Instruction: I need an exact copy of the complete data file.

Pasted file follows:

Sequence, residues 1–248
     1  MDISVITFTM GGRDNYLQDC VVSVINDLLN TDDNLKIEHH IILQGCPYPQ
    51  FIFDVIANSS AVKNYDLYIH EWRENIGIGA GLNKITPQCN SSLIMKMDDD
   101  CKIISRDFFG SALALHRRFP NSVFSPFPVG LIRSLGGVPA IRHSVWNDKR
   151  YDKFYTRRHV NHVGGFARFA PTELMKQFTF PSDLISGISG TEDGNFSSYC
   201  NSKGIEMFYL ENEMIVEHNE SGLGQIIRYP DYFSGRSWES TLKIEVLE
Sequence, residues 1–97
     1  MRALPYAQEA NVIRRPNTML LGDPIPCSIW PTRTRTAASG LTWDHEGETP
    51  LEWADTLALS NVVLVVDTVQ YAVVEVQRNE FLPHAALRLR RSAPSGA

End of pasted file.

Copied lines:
Sequence, residues 1–248
     1  MDISVITFTM GGRDNYLQDC VVSVINDLLN TDDNLKIEHH IILQGCPYPQ
    51  FIFDVIANSS AVKNYDLYIH EWRENIGIGA GLNKITPQCN SSLIMKMDDD
   101  CKIISRDFFG SALALHRRFP NSVFSPFPVG LIRSLGGVPA IRHSVWNDKR
   151  YDKFYTRRHV NHVGGFARFA PTELMKQFTF PSDLISGISG TEDGNFSSYC
   201  NSKGIEMFYL ENEMIVEHNE SGLGQIIRYP DYFSGRSWES TLKIEVLE
Sequence, residues 1–97
     1  MRALPYAQEA NVIRRPNTML LGDPIPCSIW PTRTRTAASG LTWDHEGETP
    51  LEWADTLALS NVVLVVDTVQ YAVVEVQRNE FLPHAALRLR RSAPSGA